Plan 3: Run Long and Slow
Meghan Arbogast was already a successful marathoner 5 years ago, with a 2:58 to her credit. Only one problem: “I was overtraining and killing myself,” she says.
No longer. Since 1998, Arbogast has been training slower and racing faster under a program designed by Warren Finke, a well-known coach in Portland, Oregon, near Arbogast’s home. Finke believes marathoners should focus on consistent, easy-paced training runs that help them build endurance without getting hurt every couple of months. “A lot of runners train too hard, get injured, and never reach their potential,” he notes.
The Finke program emphasizes “effort-based training,” and he believes in keeping the effort modest (at 80 percent of the speed you could race the same distance) most of the time. “Most runners are probably training at about 90 percent of their race pace,” says Finke. “Running 80 percent is pretty easy, but it helps keep you injury-free.”
The program has certainly turned things around for Arbogast. Two years after beginning Finke’s effort-based training, she improved her marathon personal record to 2:45. And last June, she won the Christchurch Marathon in New Zealand with another 2:45. “I think I can keep improving,” says Arbogast. “The key is to stay healthy and keep gaining endurance.”
What you should do: Do most of your runs at 80 percent of the speed you could race the same distance. So, if you can race 10 miles at 7:30 pace, you should do your 10-mile training runs at 9:23. To convert a race pace to an 80-percent training pace, multiply the race pace by 1.25; for more details, visit Finke’s Web site: Team Oregon.
Plan 4: Make Every Workout Count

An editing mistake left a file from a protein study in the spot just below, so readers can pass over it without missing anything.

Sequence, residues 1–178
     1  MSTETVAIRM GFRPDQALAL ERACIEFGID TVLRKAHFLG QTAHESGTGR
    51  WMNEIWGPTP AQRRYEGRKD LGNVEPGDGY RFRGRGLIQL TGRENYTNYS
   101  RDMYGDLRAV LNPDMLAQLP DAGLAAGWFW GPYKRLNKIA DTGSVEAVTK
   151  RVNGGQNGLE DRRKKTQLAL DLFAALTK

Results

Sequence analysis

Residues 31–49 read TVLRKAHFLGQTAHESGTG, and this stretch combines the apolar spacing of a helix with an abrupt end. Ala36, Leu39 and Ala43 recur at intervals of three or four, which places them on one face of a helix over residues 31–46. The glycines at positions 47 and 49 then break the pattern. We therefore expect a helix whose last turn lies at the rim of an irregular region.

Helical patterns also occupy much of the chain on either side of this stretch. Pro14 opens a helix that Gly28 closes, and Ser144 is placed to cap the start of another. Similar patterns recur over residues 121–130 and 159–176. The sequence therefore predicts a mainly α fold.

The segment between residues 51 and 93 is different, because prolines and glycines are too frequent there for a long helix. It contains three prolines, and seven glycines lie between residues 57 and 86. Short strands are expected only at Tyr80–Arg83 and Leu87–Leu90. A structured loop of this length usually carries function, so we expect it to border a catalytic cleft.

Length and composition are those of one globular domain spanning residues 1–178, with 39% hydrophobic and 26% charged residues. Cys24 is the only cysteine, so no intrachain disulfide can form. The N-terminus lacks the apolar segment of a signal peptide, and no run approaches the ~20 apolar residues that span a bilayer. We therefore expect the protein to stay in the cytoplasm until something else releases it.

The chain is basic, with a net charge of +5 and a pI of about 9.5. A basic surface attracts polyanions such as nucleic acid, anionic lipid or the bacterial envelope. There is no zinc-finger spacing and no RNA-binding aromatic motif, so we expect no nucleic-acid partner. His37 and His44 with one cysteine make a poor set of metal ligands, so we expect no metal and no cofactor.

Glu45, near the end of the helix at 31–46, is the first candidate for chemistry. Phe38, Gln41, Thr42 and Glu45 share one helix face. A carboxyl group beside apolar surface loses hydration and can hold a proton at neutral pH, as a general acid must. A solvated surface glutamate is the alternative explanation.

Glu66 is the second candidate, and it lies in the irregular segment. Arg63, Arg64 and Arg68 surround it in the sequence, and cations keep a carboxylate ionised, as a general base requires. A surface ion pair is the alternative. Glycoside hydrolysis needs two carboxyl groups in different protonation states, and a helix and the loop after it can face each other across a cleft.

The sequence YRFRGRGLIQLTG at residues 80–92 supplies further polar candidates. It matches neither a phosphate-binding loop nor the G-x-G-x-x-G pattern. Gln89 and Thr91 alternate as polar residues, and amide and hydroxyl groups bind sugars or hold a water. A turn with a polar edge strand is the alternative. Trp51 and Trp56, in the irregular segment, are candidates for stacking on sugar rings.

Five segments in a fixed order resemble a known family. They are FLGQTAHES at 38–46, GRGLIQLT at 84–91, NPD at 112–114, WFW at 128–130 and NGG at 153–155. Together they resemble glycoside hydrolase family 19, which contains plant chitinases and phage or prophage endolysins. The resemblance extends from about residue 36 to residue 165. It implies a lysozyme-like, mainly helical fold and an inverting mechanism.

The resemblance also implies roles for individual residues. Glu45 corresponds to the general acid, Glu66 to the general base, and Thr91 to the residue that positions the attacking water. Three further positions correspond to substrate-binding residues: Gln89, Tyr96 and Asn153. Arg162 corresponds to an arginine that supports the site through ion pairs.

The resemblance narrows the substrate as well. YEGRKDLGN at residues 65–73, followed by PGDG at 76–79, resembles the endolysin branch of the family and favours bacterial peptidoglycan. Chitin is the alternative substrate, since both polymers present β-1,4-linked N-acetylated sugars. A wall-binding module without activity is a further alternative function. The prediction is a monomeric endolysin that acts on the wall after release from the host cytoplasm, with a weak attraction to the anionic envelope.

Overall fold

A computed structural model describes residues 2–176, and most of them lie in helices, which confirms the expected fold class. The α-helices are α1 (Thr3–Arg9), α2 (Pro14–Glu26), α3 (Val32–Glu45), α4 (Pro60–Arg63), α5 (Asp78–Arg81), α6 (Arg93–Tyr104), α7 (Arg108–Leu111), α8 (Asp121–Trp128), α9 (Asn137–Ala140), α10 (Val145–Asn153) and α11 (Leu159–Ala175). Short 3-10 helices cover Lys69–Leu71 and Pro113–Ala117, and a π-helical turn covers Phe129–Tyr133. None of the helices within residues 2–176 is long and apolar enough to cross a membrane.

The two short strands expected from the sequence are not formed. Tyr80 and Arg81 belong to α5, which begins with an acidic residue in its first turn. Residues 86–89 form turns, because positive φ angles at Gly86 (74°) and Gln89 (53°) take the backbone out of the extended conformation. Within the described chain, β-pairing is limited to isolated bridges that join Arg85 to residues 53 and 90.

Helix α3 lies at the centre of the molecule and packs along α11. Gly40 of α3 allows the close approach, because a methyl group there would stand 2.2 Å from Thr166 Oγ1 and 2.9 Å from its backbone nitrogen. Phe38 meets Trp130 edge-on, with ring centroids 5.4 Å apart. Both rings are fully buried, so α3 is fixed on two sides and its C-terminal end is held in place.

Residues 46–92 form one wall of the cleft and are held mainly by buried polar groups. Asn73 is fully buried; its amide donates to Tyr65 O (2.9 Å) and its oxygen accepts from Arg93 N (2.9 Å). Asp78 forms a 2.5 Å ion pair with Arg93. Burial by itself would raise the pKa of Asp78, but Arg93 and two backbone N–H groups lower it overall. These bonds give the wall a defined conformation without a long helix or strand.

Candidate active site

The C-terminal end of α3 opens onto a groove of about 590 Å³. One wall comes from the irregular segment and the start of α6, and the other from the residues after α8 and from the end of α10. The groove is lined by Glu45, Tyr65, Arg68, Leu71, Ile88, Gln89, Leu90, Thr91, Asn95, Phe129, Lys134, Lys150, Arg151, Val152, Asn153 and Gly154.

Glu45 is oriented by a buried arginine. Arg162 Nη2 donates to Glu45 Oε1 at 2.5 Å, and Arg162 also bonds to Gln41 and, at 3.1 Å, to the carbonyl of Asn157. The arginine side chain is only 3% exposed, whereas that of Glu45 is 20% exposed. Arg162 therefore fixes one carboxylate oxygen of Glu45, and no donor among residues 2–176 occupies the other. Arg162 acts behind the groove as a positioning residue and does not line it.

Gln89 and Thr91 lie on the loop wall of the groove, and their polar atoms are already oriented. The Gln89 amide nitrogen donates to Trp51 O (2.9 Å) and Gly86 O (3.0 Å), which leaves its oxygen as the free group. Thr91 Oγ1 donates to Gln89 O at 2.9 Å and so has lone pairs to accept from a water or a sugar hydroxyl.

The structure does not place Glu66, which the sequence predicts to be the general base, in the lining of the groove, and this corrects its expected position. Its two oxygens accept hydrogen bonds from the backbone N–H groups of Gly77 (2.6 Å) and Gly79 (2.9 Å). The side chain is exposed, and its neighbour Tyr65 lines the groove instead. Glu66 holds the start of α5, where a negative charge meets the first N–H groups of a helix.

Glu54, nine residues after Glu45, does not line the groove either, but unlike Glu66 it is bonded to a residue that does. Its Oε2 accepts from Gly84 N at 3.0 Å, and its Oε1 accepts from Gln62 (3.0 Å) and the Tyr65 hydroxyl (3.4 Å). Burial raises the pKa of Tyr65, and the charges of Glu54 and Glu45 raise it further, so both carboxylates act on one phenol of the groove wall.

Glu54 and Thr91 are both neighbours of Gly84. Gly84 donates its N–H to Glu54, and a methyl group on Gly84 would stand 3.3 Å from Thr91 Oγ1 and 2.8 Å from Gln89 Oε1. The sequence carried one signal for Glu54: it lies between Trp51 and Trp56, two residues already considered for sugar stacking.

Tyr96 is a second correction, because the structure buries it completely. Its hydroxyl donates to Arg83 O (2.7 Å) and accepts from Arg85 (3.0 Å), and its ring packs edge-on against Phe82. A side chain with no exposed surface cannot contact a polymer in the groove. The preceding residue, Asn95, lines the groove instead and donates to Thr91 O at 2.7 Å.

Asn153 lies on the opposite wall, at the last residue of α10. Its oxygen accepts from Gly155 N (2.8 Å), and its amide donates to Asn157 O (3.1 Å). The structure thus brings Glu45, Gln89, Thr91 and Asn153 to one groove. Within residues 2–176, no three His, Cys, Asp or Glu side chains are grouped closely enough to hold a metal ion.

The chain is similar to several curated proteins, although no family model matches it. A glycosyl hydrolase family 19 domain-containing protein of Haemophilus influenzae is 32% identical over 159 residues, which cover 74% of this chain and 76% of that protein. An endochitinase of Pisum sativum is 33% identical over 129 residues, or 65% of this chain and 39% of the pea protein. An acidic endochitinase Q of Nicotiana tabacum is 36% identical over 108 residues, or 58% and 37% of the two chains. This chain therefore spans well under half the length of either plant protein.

When you’ve been running marathons for 25 years and have an advanced degree in exercise physiology, you should eventually learn a thing or two about training. Exercise physiologist Bill Pierce, chair of the Health and Exercise Science department at Furman University, thinks he has. ……….
In stripping his training program to its essence, Pierce runs each of his three workouts at a specific target pace and distance. One is a long run, one is a tempo run, and one is a speed workout. “I run at a higher intensity than some others recommend, but I have found that this program has worked well for me for many years,” says Pierce. “It reduces the risk of injuries, improves long-term adherence, and still lets me enjoy the gratification that comes with intense efforts.”
What you should do: Pierce does interval training on Tuesdays, tempo training on Thursdays, and a long run on Sundays. For interval repeats, he runs 12 x 400 meters or 6 x 800 meters at slightly faster than his 5-K race pace. On tempo days, he runs 4 miles at a pace that’s 10 to 20 seconds per mile slower than 10-K race pace. On Sundays, he runs 15 miles at a pace that’s 30 seconds per mile slower than his marathon race pace. You can easily adapt these workouts to your own 5-K, 10-K, and marathon race paces.
Plan 5: Do Plyometrics